3. “Instead of starting with the market and then finding the product, the really big winners start with a product and find a market.” Finding a product or service that delivers a 10-2,000X financial return happen much more often when the entrepreneur is harvesting something that is nonlinear, and that comes from a technology rather than something that is just marginally cheaper. Discovering really big new markets can be especially profitable. Andy’s friend Bill Gurley has a masterful essay on total addressable market definition here.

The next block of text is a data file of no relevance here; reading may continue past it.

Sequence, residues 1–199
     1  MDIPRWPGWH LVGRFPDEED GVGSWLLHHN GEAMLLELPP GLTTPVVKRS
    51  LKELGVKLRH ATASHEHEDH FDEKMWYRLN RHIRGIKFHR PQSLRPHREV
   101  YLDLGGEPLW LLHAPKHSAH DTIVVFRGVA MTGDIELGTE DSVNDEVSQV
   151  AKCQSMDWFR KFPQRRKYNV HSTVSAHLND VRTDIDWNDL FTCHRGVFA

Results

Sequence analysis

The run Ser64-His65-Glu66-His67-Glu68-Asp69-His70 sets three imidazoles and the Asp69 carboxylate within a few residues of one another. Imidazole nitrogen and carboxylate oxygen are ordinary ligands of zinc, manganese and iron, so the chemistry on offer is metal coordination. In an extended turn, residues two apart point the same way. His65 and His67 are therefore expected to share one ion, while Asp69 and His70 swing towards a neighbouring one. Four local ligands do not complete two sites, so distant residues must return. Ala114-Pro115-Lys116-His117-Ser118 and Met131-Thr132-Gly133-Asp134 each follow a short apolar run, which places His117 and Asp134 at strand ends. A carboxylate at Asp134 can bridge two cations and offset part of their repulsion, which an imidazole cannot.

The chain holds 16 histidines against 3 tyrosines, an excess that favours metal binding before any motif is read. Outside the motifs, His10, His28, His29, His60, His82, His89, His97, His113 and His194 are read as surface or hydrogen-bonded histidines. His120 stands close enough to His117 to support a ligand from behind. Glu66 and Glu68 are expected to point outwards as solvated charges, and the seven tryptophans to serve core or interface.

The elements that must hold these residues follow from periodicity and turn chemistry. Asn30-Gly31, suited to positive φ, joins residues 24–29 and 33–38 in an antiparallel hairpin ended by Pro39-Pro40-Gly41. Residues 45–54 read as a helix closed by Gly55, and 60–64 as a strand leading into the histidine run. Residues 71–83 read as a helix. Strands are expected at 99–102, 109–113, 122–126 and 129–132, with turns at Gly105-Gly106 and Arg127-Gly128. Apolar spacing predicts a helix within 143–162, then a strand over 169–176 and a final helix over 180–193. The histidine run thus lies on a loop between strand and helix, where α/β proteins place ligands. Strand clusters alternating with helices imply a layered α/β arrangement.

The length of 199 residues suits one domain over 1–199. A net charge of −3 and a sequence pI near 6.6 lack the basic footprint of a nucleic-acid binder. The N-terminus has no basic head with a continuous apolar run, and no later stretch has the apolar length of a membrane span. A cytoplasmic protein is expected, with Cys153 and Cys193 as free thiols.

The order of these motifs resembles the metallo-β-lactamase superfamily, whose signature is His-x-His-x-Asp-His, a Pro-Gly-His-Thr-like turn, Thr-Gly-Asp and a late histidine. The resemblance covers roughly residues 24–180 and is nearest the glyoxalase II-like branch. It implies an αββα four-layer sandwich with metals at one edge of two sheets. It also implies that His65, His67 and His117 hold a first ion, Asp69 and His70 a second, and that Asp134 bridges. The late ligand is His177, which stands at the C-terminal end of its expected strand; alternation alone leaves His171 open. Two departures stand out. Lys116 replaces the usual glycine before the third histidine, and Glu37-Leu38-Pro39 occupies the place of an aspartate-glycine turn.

4. “It’s very difficult to manufacture innovation.” “Great entrepreneurs are far more missionaries than mercenaries. The missionaries are true to their insight, and the money is secondary to it. Mercenaries, whose primary goal is money, fall somewhere on the middle of the entrepreneur bell curve. They seldom have the desire to change the world that is required for a really big outcome, or the patience to see their idea through. I don’t begrudge them their early payouts. They’re just not the best entrepreneurs.” Since only ~15 tape measure home runs a year are what drive venture capital returns, the odds that the same person will get lighting in a bottle at that level multiple times are small. A given person hitting more than one of those home runs is possible, but that ~15 number is a top down constraint on the total number of people who succeed at that level. People who flip the business early or midstream usually don’t last long enough to do this. Experience has shown that it is very likely to be genuine passion and domain knowledge, and not what Andy called “manufacturing innovation,” which produces those ~15 tape measure home runs.